Some people do their laundry in emacs, but I find typing ^C-^X-^W-q-L-TT to add the fabric softener to be a bit cumbersome.
Input methods like this greatly reduce the need for entity declarations, the last remaining holdouts from my life with DTDs. Who needs:
<!DOCTYPE article [ <!ENTITY euro "€"> ]>
And the corresponding “€”, if you can just stuff a “€” into your buffer!
I read Tim’s essay and decided that he was right about some things, like “smart quotes,” but he didn’t do it quite the way I would have. So I banged away for a bit and coded up XML Characters, my own solution.
XML Characters provides four functions:
This function, which I bind to
nxml-mode, inserts the appropriate double quote. Called after a space, newline, or >, it inserts a left double quote. Called after a double quote, it cycles through the three possible quote styles: left, straight, or right. Called anywhere else, it inserts a right double quote.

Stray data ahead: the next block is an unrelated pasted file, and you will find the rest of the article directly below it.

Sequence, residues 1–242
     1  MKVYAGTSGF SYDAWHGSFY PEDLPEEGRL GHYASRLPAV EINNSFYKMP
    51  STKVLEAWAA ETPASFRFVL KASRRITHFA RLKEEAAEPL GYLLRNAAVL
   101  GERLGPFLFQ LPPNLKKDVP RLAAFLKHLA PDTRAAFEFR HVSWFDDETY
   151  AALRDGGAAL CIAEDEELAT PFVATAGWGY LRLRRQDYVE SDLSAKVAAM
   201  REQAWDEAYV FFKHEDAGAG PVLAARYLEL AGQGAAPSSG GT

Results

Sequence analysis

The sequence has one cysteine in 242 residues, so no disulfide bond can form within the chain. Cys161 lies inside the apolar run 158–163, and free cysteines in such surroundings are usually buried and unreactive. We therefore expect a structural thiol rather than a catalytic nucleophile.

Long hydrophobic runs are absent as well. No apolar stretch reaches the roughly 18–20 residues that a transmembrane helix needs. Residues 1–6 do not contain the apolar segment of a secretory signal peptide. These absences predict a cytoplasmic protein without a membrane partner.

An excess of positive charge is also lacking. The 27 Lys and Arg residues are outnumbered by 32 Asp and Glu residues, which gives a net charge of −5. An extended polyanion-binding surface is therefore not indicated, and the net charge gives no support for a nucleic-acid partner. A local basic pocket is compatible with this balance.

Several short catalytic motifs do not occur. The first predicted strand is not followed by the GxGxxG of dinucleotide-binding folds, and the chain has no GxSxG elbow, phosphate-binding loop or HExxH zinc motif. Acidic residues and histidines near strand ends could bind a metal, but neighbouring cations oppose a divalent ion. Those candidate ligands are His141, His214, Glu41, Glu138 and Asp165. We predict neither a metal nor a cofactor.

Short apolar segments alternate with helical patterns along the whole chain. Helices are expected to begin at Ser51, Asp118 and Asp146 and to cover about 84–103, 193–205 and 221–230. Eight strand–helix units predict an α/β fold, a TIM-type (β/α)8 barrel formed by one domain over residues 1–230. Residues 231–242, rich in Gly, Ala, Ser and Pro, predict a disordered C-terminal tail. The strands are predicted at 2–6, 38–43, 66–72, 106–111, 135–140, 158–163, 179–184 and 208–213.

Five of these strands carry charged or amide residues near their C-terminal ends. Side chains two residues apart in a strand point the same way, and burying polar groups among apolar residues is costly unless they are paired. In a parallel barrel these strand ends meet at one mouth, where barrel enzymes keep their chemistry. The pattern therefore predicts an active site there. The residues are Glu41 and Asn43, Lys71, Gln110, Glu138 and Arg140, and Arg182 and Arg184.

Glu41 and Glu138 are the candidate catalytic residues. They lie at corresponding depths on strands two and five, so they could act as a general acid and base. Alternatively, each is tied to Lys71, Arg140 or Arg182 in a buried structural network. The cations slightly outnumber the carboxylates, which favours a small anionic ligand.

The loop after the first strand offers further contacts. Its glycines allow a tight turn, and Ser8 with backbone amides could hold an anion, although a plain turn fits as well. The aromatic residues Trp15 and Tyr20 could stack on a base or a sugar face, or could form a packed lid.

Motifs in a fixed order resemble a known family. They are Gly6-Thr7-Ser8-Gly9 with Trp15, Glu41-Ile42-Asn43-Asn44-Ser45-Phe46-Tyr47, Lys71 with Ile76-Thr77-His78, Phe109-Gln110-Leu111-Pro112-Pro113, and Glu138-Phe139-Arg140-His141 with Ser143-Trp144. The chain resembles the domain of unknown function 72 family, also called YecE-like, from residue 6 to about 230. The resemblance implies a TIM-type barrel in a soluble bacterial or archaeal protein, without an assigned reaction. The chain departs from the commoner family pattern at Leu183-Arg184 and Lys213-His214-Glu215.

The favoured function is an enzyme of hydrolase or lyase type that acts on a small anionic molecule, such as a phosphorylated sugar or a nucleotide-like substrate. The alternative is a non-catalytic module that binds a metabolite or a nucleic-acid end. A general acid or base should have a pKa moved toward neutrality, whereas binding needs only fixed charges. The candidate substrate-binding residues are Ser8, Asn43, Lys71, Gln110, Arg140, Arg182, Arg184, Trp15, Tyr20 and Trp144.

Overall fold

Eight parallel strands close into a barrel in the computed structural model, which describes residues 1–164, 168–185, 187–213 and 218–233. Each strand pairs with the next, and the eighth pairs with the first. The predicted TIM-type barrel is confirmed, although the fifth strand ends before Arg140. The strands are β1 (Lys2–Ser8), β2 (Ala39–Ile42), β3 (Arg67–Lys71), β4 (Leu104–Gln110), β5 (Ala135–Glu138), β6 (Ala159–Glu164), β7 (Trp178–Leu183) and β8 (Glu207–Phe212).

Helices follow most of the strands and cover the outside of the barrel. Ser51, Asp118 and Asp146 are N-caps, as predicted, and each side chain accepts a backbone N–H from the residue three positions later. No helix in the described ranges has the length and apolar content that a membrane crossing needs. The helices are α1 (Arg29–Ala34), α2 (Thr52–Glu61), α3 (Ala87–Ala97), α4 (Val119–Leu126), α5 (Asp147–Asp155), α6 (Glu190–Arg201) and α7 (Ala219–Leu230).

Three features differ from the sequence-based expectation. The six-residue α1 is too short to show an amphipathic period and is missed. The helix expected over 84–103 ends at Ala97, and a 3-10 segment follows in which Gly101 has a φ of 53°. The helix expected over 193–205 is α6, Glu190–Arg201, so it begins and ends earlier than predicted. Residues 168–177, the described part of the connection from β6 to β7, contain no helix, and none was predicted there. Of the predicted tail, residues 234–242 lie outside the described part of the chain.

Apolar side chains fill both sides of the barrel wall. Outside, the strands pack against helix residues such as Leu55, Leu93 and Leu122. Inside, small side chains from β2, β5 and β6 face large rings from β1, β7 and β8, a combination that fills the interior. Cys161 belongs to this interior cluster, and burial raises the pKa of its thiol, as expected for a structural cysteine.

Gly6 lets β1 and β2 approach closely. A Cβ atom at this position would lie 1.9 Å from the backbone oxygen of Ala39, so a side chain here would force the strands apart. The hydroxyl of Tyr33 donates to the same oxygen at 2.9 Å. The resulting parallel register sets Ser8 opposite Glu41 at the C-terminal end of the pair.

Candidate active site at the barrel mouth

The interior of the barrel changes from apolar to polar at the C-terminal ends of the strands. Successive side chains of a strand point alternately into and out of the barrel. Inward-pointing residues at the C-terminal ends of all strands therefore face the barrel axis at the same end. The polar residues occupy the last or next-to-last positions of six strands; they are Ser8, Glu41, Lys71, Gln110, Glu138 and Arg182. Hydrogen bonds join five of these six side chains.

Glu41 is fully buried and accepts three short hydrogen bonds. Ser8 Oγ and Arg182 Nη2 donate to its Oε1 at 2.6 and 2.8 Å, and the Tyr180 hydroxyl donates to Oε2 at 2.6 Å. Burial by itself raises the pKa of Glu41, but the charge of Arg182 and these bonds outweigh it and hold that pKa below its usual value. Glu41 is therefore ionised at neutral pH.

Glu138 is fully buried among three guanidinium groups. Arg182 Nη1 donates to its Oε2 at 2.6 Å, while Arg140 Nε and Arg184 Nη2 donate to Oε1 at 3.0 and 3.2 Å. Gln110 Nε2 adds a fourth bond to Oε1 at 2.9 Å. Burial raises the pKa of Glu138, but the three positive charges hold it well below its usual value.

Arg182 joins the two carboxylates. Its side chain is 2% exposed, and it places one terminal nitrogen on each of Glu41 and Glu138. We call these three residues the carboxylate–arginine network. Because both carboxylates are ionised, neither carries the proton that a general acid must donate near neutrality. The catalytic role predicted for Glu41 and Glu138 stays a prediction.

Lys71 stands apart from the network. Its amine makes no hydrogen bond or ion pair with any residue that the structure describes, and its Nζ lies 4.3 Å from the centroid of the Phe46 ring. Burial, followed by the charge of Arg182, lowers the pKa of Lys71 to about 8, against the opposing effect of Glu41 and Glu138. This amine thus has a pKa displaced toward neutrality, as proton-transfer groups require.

Inside a start tag, it always inserts just a vanilla ".
I bind this to
nxml-modeand it does just what you think it does.
This function inserts a named XML character. For example,
(insert-xml-char "sect")inserts a section mark (§). The set of names is maintained in a couple of associative lists, so you can easily tweak them. Called with no arguments, it pops up a menu, somewhat like Tim’s code.
I bind this to
C-t cbecause I have a pretty extensive Ctrl-T map that I’m used to using.
Where Tim seems content to have a selection of accented characters in a menu, I decided I wanted more complete and uniform access to all the ISO Latin 1 accented characters (plus a few other things; there’s another list, so you’re free to tweak).
For my function, I chose to read two more keystrokes and compose the approprate character that way. I bind this to
C-t eat the moment.
So, for example, I can type
C-t e e 'to insert “e acute”. Or
C-t e $ yto insert a yen symbol.
Thanks, Tim! I didn’t know how much I needed these functions before I wrote them. In the course of writing one essay, I’ve decided I wouldn’t want to live without them.